Using infrared saunas for pain relief

Jun 20 | Tom Harvey

Infrared saunas can offer a plethora of health benefits for users, including the potential alleviation of pain. For some, this treatment plan is so effective that some doctors prescribe it for people with chronic pain conditions such as arthritis and fibromyalgia. Infrared saunas penetrate the body tissues deeper than other heat therapy solutions, so the heat can relax the muscles and improve blood circulation while reducing inflammation.

Let’s look at how you can potentially use heat therapy to reduce pain, as well as explain how it works and whether it’s the right course of action for you.

What makes heat therapy an effective treatment for pain relief?

Infrared saunas work differently from traditional saunas, which heat the air around you to warm the body tissues from the outside in. Instead of heating up the environment around you, infrared saunas use light rays to penetrate the body and heat the tissues up from the inside out. This allows infrared saunas to penetrate the body deeper with heat, allowing you to benefit from more benefits that the body might not have been privy to if you had chosen another form of heat therapy like steam rooms.

As the heat is absorbed deeper into the body, it might be able to target deeper muscle spasms and pain more effectively than other heat sources. You might’ve heard some athletes find that steam rooms and traditional saunas don’t even touch the sides of their injury pain, but infrared sauna therapy can provide some relief. This is because of the depth the heat from infrared saunas can achieve, getting closer to the source of the pain.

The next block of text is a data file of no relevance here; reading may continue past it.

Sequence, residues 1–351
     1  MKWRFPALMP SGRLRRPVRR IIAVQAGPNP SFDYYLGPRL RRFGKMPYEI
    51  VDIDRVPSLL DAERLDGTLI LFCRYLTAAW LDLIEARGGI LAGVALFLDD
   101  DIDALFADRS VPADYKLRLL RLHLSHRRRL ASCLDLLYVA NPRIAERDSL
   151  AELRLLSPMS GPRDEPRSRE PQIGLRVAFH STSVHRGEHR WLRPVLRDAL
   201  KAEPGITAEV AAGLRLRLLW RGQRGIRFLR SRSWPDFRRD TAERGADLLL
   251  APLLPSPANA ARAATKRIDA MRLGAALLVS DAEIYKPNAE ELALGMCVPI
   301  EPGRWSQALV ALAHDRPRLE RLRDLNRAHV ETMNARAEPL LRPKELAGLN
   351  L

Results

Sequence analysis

How do infrared saunas work to reduce pain?

There are a number of ways infrared sauna therapy can reduce pain, but the method depends on what kind of pain you’re suffering from.

Pain from inflammation

Infrared saunas can help pain that comes from inflammation, such as joint pain and swelling, because the infrared light sparks your body’s heat stress response which can produce more white blood cells to fight the inflammation within your body.

A study found a correlation between the use of an infrared sauna and C-reactive, which is an inflammation marker in the blood. The initial findings found that participants who used saunas regularly had a lower level of inflammation when comparing the amount of C-reactive protein in the body.

Chronic pain condition

There has also been research to suggest that infrared sauna therapy can be used for treating chronic pain. One study used infrared saunas to treat patients with chronic pain conditions, such as rheumatoid arthritis and ankylosing spondylitis, by asking them to sit naked on a sauna bench without any fluids to drink. The duration in the sauna, which was timed at 30 minutes, increased heart rate, and core temperature while reducing blood pressure.